Journal of
Medicinal Plants Research

  • Abbreviation: J. Med. Plants Res.
  • Language: English
  • ISSN: 1996-0875
  • DOI: 10.5897/JMPR
  • Start Year: 2007
  • Published Articles: 3597

Full Length Research Paper

Traditional use of medicinal plants in district Chamoli, Uttarakhand, India

VK Bisht1*, LS Kandari2, JS Negi1, AK Bhandari1 and RC Sundriyal3    
1Herbal Research and Development Institute, Mandal, Gopeshwar (Chamoli) - 246 401, Uttarakhand, India. 2School of Natural Resource Management and Environmental Sciences, College of Agriculture and Environmental Sciences, Haramaya University, P. Box # 337, Dire Dawa, Ethiopia. 3GB Pant Institute of Himalayan Environment and Development, Kosi, Katarmal (Almora) - 263643, Uttarakhand, India.    
Email: [email protected]

  •  Accepted: 02 April 2013
  •  Published: 17 April 2013


Uttarakhand has a rich wisdom of traditional system of medicine since time immemorial. There is urgent need to document the medicinal and aromatic plants associated traditional knowledge which is vulnerable to shrink. Present study is an attempt to document the traditional system of medicine; used by the native communities of district Chamoli, Uttarakhand, India. On the basis of semi-structural questionnaire and in consultation with the local herbal practitioner (Vaidyas), 124 species belonging to 59 families and 108 genera, used for the treatment of 39 diseases were documented. About 38% of the species were used for their roots/rhizomes, followed by leaves (28%), fruits/seeds (10%) and whole plant (6%). Seeds, barks, flowers, twigs/branch and gum of less than 5% species were used for curing diverse form of diseases. About 16% of the recorded species were used for treating fever (20 spp.), 14% for skin diseases, 12% for Joint pains, 8% for cough and cold and stomach related disorders and 7% for blood pressure. 58 plants were used to cure more than one ailment, while 66 plants were used for single therapeutic application. Most of the species used in traditional healthcare in the region were harvested from wild. As a result of destructive harvesting, 13 species out of 124 recorded species are enlisted as threatened in Uttarakhand. Among these, 5 are critically rare, 5 are endangered and 3 are in vulnerable category. This study thus underlines the importance of traditional knowledge associated with medicinal and aromatic plants used for the treatment of different diseases.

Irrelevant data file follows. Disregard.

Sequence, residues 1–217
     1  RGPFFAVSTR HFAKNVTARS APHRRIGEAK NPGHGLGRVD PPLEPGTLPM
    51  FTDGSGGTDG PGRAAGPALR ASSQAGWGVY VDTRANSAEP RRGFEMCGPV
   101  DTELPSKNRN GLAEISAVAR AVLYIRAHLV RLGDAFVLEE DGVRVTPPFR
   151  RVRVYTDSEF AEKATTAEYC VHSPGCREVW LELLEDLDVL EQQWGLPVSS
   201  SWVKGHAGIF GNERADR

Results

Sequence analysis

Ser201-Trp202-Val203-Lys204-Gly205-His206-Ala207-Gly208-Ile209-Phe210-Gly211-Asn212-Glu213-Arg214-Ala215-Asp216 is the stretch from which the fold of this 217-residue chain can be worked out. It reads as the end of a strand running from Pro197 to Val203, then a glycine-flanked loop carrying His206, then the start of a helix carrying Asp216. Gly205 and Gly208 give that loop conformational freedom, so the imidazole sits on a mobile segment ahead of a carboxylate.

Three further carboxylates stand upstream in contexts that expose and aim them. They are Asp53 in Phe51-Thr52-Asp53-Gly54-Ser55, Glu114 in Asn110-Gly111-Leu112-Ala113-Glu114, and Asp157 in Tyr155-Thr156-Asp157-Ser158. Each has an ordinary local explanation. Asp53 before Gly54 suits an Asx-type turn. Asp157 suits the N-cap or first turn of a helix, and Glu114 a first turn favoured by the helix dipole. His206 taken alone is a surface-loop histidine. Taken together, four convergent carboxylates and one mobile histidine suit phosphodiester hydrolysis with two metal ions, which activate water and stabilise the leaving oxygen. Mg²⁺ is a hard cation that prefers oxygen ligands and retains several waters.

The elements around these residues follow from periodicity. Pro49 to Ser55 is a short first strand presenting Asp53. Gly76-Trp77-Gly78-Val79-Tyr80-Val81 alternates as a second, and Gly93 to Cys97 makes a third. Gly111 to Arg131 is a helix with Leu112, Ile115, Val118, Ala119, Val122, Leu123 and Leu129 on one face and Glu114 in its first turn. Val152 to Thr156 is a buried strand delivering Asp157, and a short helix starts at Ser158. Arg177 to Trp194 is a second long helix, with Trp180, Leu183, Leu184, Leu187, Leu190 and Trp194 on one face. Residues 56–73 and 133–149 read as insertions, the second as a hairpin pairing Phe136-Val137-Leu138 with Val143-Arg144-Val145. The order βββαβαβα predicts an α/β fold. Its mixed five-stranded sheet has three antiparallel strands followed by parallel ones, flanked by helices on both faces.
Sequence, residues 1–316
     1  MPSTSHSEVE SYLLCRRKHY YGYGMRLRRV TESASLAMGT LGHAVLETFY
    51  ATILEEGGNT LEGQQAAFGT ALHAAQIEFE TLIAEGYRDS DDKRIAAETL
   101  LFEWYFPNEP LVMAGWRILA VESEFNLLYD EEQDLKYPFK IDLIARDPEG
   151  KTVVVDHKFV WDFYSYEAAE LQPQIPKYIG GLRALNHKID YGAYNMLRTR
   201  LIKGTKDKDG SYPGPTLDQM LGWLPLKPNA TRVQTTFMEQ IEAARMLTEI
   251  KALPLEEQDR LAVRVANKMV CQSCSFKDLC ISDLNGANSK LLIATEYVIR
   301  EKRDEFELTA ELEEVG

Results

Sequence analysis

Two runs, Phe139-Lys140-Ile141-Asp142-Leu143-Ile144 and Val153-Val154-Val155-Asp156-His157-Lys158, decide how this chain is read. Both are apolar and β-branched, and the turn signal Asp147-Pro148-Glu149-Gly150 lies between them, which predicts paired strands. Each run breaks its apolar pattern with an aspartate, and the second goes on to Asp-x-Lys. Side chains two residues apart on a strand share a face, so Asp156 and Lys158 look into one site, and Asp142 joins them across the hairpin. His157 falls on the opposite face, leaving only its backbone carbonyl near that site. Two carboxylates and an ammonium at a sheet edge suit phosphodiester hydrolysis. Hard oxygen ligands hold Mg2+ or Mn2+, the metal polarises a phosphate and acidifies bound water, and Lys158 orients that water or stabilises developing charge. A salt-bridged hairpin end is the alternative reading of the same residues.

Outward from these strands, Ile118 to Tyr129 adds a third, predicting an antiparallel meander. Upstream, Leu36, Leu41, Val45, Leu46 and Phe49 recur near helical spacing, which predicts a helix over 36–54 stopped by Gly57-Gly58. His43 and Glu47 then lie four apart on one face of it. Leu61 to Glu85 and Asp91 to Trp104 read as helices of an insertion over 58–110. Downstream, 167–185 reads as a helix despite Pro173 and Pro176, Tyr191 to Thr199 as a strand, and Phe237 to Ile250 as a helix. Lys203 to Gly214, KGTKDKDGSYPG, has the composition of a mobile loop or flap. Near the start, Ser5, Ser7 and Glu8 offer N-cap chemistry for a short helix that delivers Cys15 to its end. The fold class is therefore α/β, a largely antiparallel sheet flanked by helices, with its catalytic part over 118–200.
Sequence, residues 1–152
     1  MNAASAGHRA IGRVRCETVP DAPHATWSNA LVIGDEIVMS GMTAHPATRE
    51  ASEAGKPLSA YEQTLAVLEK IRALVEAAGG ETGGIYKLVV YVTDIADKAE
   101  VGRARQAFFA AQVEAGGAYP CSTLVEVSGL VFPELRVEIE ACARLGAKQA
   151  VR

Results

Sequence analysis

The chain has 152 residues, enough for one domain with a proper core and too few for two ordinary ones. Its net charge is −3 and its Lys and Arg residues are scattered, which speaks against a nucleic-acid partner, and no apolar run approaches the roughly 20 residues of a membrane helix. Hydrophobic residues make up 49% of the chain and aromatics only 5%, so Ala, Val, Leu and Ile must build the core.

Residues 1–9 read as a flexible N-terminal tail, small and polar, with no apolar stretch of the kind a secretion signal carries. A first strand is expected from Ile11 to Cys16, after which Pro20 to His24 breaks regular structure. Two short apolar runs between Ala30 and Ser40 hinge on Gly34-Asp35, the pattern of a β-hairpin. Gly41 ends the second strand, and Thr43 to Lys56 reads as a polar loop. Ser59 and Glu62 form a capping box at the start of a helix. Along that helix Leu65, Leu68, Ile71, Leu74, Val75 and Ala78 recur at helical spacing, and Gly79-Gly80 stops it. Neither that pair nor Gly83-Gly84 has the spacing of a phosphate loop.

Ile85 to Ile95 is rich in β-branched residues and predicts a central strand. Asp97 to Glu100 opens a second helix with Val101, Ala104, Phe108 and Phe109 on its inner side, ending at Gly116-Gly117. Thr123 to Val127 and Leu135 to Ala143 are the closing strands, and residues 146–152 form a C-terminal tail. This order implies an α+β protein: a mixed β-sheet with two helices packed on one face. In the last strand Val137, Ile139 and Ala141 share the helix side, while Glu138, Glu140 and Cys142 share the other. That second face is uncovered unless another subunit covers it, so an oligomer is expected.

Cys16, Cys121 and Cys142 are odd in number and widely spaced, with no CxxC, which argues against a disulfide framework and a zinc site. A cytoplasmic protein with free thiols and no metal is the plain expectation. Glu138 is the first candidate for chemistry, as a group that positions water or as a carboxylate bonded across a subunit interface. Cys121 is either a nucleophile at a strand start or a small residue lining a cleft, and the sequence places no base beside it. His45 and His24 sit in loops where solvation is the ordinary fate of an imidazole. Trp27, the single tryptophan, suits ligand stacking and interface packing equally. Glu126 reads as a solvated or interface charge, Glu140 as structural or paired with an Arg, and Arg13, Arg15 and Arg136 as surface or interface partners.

Key words: Ethnobotany, Himalaya, primary healthcare, traditional knowledge, conservation, Asteraceae

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